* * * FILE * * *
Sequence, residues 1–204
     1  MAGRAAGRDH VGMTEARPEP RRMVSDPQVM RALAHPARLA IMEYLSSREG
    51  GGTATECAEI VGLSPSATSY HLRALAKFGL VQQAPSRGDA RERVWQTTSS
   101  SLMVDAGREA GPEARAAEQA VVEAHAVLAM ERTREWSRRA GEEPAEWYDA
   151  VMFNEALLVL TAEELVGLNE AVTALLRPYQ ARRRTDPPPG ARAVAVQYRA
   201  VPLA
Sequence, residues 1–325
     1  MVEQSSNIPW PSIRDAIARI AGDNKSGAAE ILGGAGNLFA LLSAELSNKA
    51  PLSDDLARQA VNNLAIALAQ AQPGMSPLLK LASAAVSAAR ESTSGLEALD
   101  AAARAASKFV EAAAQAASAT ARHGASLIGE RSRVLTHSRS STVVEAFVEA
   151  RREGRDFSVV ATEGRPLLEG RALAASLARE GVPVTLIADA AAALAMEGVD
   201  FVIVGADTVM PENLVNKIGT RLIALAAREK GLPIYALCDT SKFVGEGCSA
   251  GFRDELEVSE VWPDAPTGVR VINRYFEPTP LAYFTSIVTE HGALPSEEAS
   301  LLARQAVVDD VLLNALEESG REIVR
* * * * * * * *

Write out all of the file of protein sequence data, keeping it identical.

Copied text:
Sequence, residues 1–204
     1  MAGRAAGRDH VGMTEARPEP RRMVSDPQVM RALAHPARLA IMEYLSSREG
    51  GGTATECAEI VGLSPSATSY HLRALAKFGL VQQAPSRGDA RERVWQTTSS
   101  SLMVDAGREA GPEARAAEQA VVEAHAVLAM ERTREWSRRA GEEPAEWYDA
   151  VMFNEALLVL TAEELVGLNE AVTALLRPYQ ARRRTDPPPG ARAVAVQYRA
   201  VPLA
Sequence, residues 1–325
     1  MVEQSSNIPW PSIRDAIARI AGDNKSGAAE ILGGAGNLFA LLSAELSNKA
    51  PLSDDLARQA VNNLAIALAQ AQPGMSPLLK LASAAVSAAR ESTSGLEALD
   101  AAARAASKFV EAAAQAASAT ARHGASLIGE RSRVLTHSRS STVVEAFVEA
   151  RREGRDFSVV ATEGRPLLEG RALAASLARE GVPVTLIADA AAALAMEGVD
   201  FVIVGADTVM PENLVNKIGT RLIALAAREK GLPIYALCDT SKFVGEGCSA
   251  GFRDELEVSE VWPDAPTGVR VINRYFEPTP LAYFTSIVTE HGALPSEEAS
   301  LLARQAVVDD VLLNALEESG REIVR